McCaskill votes with the Republicans on a fairly regular basis. So this is not surprising. In fact, she often proudly declares she is not a standard Democrat and trots out her bipartisan creds at every opportunity.

The only time she sings a different tune is when she is soliciting contributions. Then she suddenly becomes a proud Democrat and the Republicans are evil, I say, evil.  

by MOBlue 2009-10-22 07:17AM | 0 recs
Re: Delay, Derail, Defeat

I realize there is a larger point here, and it is astounding how Reid allows the republicans to delay everything when McConnell was able to push through anything he wants.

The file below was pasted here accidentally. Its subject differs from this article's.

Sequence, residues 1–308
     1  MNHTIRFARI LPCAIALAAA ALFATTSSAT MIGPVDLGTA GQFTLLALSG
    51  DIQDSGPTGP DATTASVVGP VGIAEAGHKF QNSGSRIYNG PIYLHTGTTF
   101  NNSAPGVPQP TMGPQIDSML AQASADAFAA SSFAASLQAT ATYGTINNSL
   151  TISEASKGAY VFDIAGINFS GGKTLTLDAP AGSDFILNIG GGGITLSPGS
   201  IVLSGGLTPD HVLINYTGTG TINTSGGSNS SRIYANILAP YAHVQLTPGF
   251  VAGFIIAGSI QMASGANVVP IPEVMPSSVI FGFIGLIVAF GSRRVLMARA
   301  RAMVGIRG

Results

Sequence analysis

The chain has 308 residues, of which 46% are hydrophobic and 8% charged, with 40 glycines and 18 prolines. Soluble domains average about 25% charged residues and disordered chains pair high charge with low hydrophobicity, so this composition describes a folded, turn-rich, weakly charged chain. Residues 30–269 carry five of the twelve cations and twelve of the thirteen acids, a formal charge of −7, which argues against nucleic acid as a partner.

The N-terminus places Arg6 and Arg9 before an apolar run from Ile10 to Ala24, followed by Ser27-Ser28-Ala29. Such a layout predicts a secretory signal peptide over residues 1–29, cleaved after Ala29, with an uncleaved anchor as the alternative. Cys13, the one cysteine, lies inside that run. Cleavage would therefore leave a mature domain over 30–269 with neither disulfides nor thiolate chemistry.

But on this particular bill, I have to say I'm with Russ Feingold. It's an attempt to score the SFC bill as costing less than the house public option bills -- the house bills include the cost of this fix for 10 years; the SFC committee bill pretends that cost doesn't exist by playing accounting games (which includes this legislation).

Let's have some transparency, please.

by fsm 2009-10-22 06:31AM | 0 recs
Re: Once again

I feel obliged to apologize for the actions of my Senator, Bill Nelson of Florida, who consistently aggravates the living hell out of me.

by QTG 2009-10-22 07:30AM | 0 recs